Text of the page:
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Better IGBT design = Better solar power

fajb_igbt_solar_01_apr2016

The crux of the problem has to do with the direct current (DC) generated by solar panels being changed to alternating current, which occurs when the current is passed through an inverter circuit; specifically, the power loss occurs in the devices used within the solar system.

Now, what’s interesting here is that cutting power loss in insulated-gate bipolar transistors actually enhances the power generation performance of solar systems. And it’s not just with this technology – it also has a positive effect for uninterruptible power systems (UPS) in server rooms / data centers because power here has to constantly pass through a power converter circuit for the purpose of monitoring the supply and making sure power never goes interrupted.

One company that has taken IGBT’s already established advantages and improved them is Renesas. The company claims it has achieved the industry’s first TO-247 plus package for a 1,250V IGBT with built-in diode. And it achieved this mark by incorporating a metal to the underside of the TO-247 so that heat generated by the IGBT’s power loss can be quickly and efficiently transferred to the package’s exterior.

As a result of this improvement, the device is able to function even when exposed to temperatures of up to 175 degrees Celsius.

An additional advantage to this newly designed IGBT is the company’s use of a trench gate configuration in the process structure. Renesas officials explains explained this design solution is exclusive to the company, and that it allows the device to more easily achieve a combination of fast switching performance and low saturation voltage features. The result is a 30% increase in performance index.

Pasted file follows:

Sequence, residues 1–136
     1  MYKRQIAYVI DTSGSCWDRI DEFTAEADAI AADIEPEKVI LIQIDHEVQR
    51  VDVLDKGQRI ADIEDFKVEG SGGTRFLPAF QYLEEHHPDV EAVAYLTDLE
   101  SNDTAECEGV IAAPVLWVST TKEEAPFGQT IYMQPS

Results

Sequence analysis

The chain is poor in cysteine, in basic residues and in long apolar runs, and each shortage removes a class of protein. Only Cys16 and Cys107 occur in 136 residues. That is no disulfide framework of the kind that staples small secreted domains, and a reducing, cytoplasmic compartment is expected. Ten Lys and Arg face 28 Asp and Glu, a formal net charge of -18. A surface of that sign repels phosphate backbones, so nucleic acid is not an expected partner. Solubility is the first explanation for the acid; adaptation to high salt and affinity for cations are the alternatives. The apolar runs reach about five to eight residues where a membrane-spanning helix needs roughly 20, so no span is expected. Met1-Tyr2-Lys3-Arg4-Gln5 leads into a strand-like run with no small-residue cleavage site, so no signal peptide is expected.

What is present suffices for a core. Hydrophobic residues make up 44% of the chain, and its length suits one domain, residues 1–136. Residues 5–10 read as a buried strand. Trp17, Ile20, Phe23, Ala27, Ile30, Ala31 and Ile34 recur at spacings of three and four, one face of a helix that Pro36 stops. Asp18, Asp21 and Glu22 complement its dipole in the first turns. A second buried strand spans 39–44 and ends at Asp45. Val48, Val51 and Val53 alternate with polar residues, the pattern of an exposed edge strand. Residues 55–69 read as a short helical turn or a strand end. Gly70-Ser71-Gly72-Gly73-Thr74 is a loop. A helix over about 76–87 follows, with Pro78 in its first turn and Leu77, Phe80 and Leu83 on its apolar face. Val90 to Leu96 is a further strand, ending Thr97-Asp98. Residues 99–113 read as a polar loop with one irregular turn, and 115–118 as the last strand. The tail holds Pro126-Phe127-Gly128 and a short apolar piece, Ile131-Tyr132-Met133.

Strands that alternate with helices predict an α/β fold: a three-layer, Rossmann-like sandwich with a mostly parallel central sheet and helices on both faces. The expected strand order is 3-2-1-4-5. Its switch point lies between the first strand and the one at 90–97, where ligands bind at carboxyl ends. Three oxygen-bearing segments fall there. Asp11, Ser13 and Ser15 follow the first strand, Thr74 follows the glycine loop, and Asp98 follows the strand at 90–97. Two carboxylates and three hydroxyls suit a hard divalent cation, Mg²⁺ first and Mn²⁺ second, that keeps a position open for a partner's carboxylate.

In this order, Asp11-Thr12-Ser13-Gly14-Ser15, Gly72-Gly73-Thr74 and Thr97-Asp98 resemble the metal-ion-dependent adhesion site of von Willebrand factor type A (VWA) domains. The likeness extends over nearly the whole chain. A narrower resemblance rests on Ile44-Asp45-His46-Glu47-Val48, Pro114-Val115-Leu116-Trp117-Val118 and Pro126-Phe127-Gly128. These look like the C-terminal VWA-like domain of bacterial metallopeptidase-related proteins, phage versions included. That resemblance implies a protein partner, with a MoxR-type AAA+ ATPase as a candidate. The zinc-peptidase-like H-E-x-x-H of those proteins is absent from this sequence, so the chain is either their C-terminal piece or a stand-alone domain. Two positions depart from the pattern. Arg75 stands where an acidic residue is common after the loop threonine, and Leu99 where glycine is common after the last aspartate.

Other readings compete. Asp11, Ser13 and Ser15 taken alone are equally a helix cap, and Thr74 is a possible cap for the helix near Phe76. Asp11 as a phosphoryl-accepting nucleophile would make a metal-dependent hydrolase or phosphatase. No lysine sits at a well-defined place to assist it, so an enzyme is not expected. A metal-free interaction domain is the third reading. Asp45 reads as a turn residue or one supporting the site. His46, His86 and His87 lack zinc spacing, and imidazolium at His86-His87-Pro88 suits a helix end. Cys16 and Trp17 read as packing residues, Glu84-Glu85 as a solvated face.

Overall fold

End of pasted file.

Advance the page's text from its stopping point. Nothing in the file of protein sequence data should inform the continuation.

Worth noting about these new IGBTs—Renesas also took a closer look at the various elements contributing to power loss in inverter circuits, and designed these new devices specially to minimize conduction and switching loss. The company also claims there’s less gate noise during the actual switching; this, in turn, allows system manufacturers to completely eliminate the gate resistors that were included with previous IGBT iterations for the sole purpose of reducing noise.

To learn more, reference the specification sheet for the company’s 8th generation G8H IGBT Series.

http://in.renesas.com/media/press/news/2016/20160310-g8h-igbt-specs.pdf

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